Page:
It's rare that Jimmy Fallon gets serious.

But the Tonight Show host, who was once criticized for playing nice with then-Republican presidential nominee Donald Trump in an interview during the campaign, opened his show with a sober and heartfelt speech about the deadly violence that occurred over the weekend in Charlottesville, Va.

"Even though the Tonight Show isn't a political show," Fallon said, "it's still my responsibly to stand up against intolerance and extremism — as a human being."

Fallon initially focused on his two young kids as he recalled watching coverage of the rally that brought together white supremacists, neo-Nazis, and members of the Ku Klux Klan angry over the removal of a statue of Confederate Gen. Robert E. Lee in downtown Charlottesville, home of the University of Virginia.

But the comedian, fighting back tears, quickly turned his attention to Trump's muted comments hours after a woman was killed by a car allegedly driven by a Nazi sympathizer, and two state troopers on protest duty died in a helicopter crash. In his initial statement, the president didn't single out any of the racist groups and blamed the violence on "many sides."

"The fact that it took the president two days to come out and clearly denounce racists and white supremacists is shameful," Fallon said. "I think he finally spoke out because people everywhere stood up and said something."

Trump returned to the White House on Monday, two days after the deadly rally, and called out the "KKK, neo-Nazis, white supremacists" by name, labeling them "thugs."

But for many, Trump's prepared remarks — which began with his touting employment numbers and the administration's work on trade policies — was too little, too late.

Late Night host Seth Meyers reminded viewers that Trump began his entry into politics by claiming former President Barack Obama, the nation's first black president, wasn't born in this country.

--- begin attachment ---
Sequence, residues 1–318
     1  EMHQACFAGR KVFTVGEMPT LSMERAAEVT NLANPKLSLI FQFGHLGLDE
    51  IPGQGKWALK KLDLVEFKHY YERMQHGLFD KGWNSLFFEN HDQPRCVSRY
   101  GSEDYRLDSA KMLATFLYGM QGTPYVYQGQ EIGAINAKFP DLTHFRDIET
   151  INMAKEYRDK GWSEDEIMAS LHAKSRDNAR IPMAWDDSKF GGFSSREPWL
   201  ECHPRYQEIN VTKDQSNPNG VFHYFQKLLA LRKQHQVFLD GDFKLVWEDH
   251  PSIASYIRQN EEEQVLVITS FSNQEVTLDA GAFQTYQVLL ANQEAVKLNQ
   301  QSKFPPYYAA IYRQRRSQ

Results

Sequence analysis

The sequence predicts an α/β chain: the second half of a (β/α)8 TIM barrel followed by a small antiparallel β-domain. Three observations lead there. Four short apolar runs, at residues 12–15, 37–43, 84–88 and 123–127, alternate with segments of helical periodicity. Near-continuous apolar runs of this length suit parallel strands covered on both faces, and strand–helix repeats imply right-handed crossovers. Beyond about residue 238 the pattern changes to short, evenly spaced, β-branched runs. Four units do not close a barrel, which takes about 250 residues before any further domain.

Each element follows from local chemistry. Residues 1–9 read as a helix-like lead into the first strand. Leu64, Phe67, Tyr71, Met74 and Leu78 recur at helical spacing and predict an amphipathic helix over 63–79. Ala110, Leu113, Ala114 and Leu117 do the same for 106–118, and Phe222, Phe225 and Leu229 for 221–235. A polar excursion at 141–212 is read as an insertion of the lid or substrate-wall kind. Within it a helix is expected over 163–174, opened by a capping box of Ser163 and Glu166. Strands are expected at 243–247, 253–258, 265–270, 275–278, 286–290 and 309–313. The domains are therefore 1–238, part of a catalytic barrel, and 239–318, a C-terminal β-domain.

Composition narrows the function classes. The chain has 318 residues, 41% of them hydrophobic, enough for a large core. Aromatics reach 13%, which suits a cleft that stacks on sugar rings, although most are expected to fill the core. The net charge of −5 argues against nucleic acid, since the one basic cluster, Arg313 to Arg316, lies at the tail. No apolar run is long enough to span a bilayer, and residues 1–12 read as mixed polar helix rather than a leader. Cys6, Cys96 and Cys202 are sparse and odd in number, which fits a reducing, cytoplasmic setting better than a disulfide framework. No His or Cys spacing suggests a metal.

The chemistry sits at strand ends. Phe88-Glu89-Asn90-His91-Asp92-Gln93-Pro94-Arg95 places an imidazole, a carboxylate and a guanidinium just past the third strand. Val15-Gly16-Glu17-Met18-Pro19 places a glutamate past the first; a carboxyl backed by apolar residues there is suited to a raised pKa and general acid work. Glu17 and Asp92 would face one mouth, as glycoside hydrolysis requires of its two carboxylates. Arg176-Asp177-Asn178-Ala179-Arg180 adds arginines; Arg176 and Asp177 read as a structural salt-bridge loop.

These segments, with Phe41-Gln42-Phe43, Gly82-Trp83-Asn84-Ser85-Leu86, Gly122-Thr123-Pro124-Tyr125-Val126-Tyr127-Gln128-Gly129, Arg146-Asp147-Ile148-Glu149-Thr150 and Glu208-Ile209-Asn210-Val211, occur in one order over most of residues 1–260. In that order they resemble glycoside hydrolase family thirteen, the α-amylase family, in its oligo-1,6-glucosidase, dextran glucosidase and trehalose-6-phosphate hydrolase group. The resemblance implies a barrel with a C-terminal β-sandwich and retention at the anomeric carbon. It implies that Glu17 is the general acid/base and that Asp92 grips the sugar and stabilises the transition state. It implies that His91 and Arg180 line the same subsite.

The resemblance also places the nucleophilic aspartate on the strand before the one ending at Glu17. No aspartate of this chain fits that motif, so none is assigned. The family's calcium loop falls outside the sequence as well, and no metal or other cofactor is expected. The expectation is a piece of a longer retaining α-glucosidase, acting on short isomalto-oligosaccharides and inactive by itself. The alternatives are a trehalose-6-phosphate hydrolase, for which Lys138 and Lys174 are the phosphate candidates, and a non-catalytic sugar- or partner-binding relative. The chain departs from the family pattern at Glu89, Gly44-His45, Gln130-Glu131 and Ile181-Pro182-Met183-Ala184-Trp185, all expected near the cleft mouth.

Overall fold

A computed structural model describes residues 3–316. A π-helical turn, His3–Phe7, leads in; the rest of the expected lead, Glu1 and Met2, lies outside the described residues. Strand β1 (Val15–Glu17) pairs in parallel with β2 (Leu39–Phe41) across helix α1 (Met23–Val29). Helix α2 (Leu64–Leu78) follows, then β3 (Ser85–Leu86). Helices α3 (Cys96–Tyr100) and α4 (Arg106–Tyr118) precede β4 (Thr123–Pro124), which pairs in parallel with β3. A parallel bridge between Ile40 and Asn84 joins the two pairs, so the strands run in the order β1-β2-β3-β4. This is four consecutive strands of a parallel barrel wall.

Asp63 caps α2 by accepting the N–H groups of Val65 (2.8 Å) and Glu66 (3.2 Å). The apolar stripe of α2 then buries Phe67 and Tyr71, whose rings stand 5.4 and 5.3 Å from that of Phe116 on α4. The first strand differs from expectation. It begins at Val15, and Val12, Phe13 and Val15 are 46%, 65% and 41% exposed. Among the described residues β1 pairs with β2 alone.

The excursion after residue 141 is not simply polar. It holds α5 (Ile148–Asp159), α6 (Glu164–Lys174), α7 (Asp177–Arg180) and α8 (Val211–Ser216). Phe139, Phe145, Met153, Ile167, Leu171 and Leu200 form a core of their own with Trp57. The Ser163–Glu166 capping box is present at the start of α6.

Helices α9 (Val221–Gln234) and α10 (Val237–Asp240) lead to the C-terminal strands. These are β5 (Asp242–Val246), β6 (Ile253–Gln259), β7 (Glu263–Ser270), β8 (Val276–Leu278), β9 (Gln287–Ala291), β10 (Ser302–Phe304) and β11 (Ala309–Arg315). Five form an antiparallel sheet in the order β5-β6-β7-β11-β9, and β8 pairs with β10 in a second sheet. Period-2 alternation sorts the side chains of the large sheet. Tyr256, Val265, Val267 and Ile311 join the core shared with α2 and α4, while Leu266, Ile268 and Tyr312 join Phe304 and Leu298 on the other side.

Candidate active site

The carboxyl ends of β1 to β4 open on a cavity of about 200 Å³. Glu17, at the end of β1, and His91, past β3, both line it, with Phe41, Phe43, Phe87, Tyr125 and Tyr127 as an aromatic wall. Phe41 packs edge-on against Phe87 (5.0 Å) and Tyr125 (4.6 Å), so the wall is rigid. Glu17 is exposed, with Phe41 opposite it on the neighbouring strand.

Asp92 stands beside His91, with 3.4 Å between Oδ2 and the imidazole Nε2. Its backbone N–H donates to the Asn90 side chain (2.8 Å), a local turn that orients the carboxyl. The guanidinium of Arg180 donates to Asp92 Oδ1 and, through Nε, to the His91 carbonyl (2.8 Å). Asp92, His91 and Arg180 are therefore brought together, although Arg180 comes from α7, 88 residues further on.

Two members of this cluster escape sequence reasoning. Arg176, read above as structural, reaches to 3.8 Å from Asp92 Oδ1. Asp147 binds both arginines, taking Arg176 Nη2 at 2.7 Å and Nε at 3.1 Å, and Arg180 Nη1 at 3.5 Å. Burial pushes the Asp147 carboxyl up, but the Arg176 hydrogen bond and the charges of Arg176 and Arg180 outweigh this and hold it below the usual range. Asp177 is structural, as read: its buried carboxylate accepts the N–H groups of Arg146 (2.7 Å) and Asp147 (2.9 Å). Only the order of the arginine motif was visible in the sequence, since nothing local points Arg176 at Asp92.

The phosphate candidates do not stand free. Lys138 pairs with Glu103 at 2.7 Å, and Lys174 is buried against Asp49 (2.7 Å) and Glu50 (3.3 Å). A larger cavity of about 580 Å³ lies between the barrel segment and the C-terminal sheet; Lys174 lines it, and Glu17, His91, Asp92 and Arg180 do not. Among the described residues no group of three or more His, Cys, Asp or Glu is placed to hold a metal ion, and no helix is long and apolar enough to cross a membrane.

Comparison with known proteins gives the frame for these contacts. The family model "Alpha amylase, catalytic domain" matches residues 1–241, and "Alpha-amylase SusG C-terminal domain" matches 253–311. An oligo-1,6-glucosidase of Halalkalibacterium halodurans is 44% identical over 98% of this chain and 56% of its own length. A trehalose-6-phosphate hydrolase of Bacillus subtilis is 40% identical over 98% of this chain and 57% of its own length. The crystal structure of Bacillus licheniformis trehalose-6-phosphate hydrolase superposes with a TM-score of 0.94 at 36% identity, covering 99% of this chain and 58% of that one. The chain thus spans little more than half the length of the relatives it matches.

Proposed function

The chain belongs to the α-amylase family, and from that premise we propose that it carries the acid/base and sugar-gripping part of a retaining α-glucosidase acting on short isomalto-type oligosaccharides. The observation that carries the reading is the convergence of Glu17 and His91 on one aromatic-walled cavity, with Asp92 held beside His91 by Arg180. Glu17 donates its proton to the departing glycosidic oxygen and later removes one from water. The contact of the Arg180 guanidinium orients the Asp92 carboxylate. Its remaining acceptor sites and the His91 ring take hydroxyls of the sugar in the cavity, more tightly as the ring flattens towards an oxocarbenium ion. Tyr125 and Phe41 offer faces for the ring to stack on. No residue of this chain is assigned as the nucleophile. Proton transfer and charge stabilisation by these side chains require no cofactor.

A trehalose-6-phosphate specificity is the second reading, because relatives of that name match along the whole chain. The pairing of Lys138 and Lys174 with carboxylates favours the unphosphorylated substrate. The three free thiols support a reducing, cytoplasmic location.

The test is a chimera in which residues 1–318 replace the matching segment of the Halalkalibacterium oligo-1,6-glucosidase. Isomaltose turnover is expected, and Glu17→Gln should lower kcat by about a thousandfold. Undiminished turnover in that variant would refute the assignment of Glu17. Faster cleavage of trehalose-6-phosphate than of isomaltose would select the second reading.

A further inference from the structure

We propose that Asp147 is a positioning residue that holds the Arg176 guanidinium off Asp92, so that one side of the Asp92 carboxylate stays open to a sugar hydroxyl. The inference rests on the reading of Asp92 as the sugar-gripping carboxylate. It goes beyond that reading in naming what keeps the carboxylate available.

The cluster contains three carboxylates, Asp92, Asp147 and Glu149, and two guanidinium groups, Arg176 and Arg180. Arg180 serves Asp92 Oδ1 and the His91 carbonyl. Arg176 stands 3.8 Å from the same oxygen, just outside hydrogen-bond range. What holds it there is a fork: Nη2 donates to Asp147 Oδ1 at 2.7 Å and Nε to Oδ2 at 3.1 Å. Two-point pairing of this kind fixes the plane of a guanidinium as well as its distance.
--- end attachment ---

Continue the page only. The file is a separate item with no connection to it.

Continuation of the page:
"It was racist and insane, but he was written off as a clown, a bitter little man who didn't know an American could have a name like Barack Obama," Meyers said in the opening of his show Monday night. He continued to criticize the president for stoking racial tensions by calling Mexicans rapists during the campaign and continuing to spotlight black-on-black violence in Chicago.

"President Trump did not immediately denounce the white supremacist movement when given the chance," Meyers said. "And now, whether he knows it or not, many of those people see him as leading that movement."

After Trump's comments Saturday, many prominent white nationalists celebrated the fact that the president didn't call them out.

"He didn't attack us," wrote Andrew Anglin, creator of the Nazi website the Daily Stormer. He "implied that there was hate … on both sides. So, he implied the antifa [antifascists] are haters. There was virtually no countersignaling of us all."

"The leader of our country," Meyers said, "is called the president because he's supposed to preside over our society. His job is to lead, to cajole, to scold, to correct our path, to lift up what is good about us, and to absolutely and unequivocally and immediately condemn what is evil in us.

"And if he does not do that, if he does not preside over our society, then he's not a president."

On CBS, Late Show host Stephen Colbert, who has been an outspoken critic of the president, didn't open with the level of seriousness of his late-night colleagues. But he did ask guest Anthony Scaramucci, Trump's former White House communications director, why he thought the president failed to denounce white hate groups.

"Let's be fair to him today," Scaramucci said. "He did condemn the Nazis today."

"Two days later. Does he order his spine on Amazon Prime?" Colbert asked. "Why did it take so long?"

"That's a good line," Scaramucci shot back. "Only he can really answer that question."